So far, COVID-19 has had a profound impact on a wide range of legal matters. Life and circumstances have changed for many different people while quarantining and social distancing. COVID-19 has also had an impact on employment in America. As a result, many Americans are grappling with the financial issues from the pandemic. Attorney Aubrey Harry Ducker Jr., along with attorneys at CPLS are going to examine alimony issues during the COVID-19 crisis.
Spousal support, also known as alimony, is an issue that arises in many Florida divorces. It is the money one partner pays to the other after their divorce, generally for a fixed period of time but sometimes, until the receiving spouse remarries or either partner dies. This money is intended to help the spouse who opted out of the full-time workforce to care for the couple’s home and children during the marriage to avoid financial hardship.
In a collaborative divorce, the divorcing couple works together to make their own determinations about their divorce settlement, rather than having the court make them. Alimony is often an issue discussed during collaborative divorces alongside parenting time and the division of the couple’s marital assets.
In Florida, you Can Waive your Right to Seek Spousal Support
Florida law permits individuals to waive their right to seek alimony in the event of their divorces in prenuptial agreements. This is not the case in all states.
Just like a collaborative divorce, a prenuptial agreement requires a couple to be flexible and willing to work together to make determinations that benefit them both, even in unpleasant situations like divorce.
Waiving Spousal Support in Exchange for a Larger Share of Marital Assets
When you divorce through collaboration, rather than litigation, you and your spouse work together to reach a divorce agreement that best fits your needs. In any divorce, dividing your marital assets is a component of the final settlement and often, it is the largest component of the settlement. Talk about potentially opting out of alimony in exchange for a more favorable share of your marital assets with your spouse, but also with your lawyer privately – there could be issues you do not initially recognize, like large tax burdens associated with certain marital assets or the long-term impact of choosing not to create an alimony order.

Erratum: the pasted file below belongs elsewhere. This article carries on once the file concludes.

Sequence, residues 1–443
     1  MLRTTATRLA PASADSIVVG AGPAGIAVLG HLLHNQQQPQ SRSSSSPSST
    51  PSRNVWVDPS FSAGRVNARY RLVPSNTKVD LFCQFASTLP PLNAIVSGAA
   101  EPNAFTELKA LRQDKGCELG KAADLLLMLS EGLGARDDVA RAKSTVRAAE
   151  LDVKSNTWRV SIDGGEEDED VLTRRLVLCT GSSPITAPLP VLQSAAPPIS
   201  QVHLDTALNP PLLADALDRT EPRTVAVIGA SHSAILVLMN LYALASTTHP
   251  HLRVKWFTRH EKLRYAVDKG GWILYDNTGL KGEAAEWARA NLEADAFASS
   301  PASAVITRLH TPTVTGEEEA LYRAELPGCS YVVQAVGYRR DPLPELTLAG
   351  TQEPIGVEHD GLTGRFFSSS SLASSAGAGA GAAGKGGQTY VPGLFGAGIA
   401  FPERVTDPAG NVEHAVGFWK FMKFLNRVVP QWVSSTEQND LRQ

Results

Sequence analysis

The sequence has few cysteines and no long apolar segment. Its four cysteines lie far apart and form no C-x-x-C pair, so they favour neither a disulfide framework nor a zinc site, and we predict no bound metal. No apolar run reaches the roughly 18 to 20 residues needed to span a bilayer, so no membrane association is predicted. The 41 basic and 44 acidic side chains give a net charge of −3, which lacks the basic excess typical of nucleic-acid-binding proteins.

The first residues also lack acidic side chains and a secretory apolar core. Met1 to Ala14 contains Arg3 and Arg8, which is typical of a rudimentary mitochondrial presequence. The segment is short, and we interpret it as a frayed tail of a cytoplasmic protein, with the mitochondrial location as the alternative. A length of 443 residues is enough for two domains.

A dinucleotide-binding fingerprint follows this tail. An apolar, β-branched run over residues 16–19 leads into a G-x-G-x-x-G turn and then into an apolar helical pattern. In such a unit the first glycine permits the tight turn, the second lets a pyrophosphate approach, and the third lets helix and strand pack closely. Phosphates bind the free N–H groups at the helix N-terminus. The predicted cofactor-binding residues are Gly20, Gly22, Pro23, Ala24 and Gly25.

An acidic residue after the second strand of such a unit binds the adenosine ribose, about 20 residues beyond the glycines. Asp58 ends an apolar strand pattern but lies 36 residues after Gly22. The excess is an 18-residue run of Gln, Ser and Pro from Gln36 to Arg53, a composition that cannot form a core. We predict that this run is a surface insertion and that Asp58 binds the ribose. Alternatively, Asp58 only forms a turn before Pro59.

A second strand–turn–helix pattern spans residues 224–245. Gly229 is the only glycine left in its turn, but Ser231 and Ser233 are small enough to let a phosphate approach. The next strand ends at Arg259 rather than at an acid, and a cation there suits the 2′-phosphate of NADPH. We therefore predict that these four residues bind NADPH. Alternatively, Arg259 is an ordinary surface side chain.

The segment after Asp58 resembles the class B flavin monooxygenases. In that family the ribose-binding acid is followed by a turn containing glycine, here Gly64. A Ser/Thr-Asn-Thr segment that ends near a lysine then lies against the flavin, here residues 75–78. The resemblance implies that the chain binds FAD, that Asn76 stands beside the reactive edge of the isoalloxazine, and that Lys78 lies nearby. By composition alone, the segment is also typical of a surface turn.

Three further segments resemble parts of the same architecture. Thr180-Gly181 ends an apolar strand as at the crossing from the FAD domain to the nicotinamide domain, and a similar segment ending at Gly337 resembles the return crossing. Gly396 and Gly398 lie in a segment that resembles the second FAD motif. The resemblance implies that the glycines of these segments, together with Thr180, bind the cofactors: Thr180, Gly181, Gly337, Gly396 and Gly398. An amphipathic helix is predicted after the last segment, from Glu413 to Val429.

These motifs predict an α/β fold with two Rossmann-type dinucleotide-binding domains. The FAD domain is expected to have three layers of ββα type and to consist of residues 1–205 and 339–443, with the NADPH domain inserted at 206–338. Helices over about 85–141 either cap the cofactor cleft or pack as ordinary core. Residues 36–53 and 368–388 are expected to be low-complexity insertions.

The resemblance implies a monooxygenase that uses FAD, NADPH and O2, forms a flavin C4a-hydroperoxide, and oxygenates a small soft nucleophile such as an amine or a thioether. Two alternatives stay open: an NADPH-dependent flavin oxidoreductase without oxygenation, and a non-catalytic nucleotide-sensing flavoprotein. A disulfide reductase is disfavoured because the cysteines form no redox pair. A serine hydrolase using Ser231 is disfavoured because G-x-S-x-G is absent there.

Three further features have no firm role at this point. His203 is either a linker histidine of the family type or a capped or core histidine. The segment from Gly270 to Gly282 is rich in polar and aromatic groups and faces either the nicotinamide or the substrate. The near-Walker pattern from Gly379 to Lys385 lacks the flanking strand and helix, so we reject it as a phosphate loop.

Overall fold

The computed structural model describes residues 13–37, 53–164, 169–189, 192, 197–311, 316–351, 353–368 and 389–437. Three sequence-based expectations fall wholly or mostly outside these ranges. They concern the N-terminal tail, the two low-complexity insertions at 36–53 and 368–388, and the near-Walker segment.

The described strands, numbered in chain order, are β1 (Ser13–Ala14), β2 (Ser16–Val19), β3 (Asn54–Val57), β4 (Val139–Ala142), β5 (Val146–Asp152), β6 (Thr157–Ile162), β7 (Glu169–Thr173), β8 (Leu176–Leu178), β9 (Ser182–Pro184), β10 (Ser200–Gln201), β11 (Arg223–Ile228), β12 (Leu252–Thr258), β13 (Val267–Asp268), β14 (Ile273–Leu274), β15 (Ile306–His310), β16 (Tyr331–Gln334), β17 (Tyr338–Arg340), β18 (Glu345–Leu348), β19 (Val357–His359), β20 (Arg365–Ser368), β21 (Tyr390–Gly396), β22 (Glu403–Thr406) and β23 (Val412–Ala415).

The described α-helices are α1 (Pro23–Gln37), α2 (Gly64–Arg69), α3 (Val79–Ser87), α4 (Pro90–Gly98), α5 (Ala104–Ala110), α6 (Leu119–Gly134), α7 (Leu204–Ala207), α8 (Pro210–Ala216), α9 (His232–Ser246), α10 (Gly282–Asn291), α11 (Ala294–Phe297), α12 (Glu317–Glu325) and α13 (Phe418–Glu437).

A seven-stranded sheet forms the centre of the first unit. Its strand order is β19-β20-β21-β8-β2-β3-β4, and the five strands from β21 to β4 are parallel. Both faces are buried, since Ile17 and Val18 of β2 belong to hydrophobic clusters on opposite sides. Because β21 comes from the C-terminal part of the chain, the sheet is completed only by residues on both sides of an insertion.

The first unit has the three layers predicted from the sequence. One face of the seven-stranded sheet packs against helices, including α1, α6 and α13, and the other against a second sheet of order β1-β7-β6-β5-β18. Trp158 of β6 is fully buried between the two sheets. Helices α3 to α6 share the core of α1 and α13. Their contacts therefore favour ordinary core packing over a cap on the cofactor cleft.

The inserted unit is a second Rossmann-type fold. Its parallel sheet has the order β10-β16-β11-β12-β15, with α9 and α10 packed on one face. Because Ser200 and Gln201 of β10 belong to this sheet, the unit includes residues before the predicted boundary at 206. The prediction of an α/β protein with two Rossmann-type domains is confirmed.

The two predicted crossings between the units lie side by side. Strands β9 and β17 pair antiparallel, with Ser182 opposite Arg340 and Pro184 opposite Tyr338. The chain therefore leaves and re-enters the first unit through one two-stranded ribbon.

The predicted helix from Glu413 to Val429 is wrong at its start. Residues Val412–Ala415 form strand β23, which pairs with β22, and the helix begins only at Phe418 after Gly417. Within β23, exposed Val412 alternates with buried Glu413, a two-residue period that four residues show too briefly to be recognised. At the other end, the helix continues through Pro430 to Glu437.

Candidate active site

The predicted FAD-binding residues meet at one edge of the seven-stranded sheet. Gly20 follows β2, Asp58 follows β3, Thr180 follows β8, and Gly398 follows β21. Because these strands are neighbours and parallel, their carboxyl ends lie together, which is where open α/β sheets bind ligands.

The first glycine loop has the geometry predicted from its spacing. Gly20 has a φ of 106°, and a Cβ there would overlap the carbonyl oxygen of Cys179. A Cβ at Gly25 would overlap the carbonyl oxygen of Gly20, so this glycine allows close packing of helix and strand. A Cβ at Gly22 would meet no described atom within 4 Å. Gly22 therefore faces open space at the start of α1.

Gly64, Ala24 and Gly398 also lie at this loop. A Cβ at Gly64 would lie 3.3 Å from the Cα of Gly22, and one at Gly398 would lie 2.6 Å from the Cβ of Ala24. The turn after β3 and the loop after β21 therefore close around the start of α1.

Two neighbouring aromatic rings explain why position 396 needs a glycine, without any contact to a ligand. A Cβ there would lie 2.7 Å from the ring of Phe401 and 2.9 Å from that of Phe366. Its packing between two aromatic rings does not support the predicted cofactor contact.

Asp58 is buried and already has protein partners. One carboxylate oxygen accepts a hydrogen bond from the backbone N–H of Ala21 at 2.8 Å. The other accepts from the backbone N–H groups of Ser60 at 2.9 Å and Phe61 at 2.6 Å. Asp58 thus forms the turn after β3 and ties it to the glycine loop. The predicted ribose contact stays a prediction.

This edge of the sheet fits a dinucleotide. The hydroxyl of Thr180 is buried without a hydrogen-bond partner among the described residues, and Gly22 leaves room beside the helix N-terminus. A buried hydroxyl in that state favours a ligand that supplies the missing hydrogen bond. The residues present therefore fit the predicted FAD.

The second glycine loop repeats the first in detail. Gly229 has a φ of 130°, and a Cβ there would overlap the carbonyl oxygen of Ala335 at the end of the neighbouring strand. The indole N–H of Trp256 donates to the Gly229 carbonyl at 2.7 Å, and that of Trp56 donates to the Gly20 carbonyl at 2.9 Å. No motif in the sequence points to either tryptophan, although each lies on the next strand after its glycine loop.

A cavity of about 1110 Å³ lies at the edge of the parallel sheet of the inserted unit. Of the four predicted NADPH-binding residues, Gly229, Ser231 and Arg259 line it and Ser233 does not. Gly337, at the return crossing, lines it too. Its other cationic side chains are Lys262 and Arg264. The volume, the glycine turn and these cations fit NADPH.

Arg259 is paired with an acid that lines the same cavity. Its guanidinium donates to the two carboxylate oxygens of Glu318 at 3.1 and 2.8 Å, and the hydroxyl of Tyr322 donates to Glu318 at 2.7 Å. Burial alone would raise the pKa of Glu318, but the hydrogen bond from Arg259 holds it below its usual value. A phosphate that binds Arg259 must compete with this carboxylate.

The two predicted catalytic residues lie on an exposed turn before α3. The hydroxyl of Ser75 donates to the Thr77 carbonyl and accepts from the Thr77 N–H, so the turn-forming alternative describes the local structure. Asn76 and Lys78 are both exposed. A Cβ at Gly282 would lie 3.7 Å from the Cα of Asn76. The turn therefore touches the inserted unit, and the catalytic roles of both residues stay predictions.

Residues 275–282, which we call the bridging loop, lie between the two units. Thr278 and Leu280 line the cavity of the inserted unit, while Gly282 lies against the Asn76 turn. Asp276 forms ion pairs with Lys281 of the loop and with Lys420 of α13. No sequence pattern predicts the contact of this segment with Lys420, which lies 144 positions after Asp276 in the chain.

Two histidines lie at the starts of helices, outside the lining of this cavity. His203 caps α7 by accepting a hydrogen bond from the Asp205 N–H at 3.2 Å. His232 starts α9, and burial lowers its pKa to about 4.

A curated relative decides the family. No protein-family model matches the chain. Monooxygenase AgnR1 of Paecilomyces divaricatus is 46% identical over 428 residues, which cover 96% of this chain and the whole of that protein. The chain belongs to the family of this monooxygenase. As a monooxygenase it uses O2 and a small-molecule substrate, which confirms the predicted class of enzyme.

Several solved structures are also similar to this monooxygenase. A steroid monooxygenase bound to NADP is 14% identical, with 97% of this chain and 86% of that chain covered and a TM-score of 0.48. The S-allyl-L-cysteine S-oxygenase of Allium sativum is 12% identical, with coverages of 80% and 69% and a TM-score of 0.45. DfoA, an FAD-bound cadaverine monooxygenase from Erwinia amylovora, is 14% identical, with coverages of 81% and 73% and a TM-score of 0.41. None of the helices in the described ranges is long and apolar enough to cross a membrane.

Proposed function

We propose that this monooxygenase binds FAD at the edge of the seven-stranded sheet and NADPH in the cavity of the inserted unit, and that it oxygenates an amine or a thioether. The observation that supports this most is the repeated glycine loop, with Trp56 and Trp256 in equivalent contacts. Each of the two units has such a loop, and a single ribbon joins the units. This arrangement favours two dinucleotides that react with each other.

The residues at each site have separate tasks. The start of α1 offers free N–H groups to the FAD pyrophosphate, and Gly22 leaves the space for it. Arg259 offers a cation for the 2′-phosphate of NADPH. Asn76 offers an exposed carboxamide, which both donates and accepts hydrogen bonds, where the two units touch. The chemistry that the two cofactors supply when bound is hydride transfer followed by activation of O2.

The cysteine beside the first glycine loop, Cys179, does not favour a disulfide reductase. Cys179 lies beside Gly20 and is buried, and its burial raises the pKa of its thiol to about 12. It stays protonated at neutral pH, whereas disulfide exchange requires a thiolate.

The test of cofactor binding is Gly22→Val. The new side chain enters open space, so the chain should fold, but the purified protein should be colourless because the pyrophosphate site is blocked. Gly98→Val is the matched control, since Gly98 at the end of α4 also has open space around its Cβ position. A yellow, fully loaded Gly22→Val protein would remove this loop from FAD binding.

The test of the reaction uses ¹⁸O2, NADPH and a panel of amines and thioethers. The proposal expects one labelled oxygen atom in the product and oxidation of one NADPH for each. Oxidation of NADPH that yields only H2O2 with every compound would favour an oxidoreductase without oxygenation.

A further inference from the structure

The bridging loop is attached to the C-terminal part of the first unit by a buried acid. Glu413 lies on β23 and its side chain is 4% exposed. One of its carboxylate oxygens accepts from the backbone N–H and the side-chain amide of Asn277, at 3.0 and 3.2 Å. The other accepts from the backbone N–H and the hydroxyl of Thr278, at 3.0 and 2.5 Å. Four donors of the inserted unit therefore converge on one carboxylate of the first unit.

Collaborative Divorce is All About Keeping Control of your Divorce
Couples who choose collaborative divorce are often more satisfied with the results of their divorces than couples who divorce through litigation.
If you took on lower-paying jobs or opted out of the workforce completely during your marriage, alimony is a way to protect your financial future. Do not confuse the need to be amicable in a collaborative divorce with a need to agree with everything your spouse suggests. If you feel alimony is in your best interest, explain this and support your position with relevant facts during your collaborative divorce meetings. Your lawyer is your advocate, but you also need to advocate for yourself.
Work with an Experienced Winter Park Divorce Lawyer
When you are considering divorce, you have a lot on your mind. Before you begin the collaborative divorce process, discuss these issues with your divorce lawyer so you begin the process educated about Florida’s divorce laws and what you can expect given your case’s unique circumstances. Contact Aubrey Law today to schedule your initial consultation with us.